Getting to the heart of epinephrine use in pediatric cardiac arrest patients
An international team of researchers led by Osaka University find that prehospital administration of epinephrine could result in a more favorable outcome for pediatric patients following out of hospital cardiac arrest
A loved one suffering cardiac arrest is an emotionally stressful time for families, but never more so than when the patient is a child. The very real potential for loss of life in these situations means that the way in which emergency responders treat out of hospital cardiac arrest (OHCA) becomes even more crucial when dealing with pediatric patients.
Studies in adults have suggested that early administration of epinephrine results in more favorable outcomes for patients following cardiac arrest. Epinephrine, or adrenaline as it is more commonly known, is a hormone that increases diastolic pressure, essentially getting blood flowing again. However, there is conflicting evidence that epinephrine administration may in fact be detrimental, as it can also cause fatal arrhythmia in the heart, triggering further cardiac arrests.
Interestingly, although current international guidelines suggest that epinephrine be administered to pediatric OHCA patients with non-shockable rhythms—basically those cases where artificial defibrillation wouldn't work—there is little evidence to either support or dispute its effectiveness.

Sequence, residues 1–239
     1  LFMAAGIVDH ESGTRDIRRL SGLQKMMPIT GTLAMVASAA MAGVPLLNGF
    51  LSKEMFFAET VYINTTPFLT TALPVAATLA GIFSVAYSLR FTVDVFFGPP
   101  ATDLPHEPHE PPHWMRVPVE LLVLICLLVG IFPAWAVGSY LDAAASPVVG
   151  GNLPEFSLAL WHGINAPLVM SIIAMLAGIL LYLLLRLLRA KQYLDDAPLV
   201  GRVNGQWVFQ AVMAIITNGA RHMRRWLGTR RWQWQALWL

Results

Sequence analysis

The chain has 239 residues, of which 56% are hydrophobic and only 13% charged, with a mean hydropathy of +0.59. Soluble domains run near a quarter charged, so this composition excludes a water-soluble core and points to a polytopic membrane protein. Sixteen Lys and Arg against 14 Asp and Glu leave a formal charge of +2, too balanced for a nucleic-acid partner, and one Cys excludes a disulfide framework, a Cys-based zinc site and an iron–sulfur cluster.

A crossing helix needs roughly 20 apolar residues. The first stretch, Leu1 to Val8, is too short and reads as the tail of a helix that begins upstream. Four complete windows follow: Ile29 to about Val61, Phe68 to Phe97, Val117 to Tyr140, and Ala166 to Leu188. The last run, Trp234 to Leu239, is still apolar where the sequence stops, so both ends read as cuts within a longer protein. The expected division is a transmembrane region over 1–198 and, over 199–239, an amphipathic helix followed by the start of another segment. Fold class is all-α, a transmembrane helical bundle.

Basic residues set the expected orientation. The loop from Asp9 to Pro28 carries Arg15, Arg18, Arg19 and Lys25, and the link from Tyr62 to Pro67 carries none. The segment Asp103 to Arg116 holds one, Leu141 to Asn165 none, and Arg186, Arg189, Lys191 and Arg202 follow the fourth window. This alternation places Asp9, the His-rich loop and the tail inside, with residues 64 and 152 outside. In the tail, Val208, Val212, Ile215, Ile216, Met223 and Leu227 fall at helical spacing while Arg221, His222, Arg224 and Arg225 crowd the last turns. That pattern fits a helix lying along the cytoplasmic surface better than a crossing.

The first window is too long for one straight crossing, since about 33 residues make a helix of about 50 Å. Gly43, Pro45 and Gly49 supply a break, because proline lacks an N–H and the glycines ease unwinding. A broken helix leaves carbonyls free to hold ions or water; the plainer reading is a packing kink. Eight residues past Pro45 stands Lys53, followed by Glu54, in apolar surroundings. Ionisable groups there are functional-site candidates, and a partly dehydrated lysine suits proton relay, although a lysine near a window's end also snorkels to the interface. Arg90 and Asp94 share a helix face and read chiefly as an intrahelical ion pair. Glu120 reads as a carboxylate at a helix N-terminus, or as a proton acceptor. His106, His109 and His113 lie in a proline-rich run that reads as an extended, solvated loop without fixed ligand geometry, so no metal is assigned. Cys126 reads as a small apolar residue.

In a study published in Journal of the American College of Cardiology, an international team of researchers addressed this knowledge gap by evaluating epinephrine use during resuscitation attempts in Japanese patients to better inform the development of guidelines for treatment of pediatric OHCA.
"We were concerned by the lack of randomized controlled trials and observational studies assessing the effectiveness of epinephrine administration in pediatric OHCA cases," explains senior author of the study Tetsuhisa Kitamura from Osaka University's Graduate School of Medicine. "To better assess the effects of prehospital epinephrine administration, we retrospectively analyzed data from 3,961 OHCA patients aged between eight and 17 years from the nationwide All-Japan Utstein Registry of the Fire and Disaster Management Agency database."
After excluding patients who did not meet the study criteria, the remaining epinephrine-treated patients were matched with patients who were candidates for epinephrine administration at the same timepoint during resuscitation but who did not receive treatment. The researchers then assessed the efficacy of epinephrine administration in the 304 patients and their matched controls based on 1-month survival and favorable neurological outcome.
"Our results showed that prehospital epinephrine administration was associated with improved return of circulation in pediatric patients with OHCA who did not respond to basic life support," says Dr. Kitamura. "While we did not see any significant improvement in 1-month survival rates as a result of prehospital epinephrine administration, the return of blood flow is a necessary step in achieving a favorable neurological outcome. Therefore, we recommend that prehospital epinephrine administration should be included in international guidelines for cardiopulmonary resuscitation to enhance the survival of pediatric OHCA patients."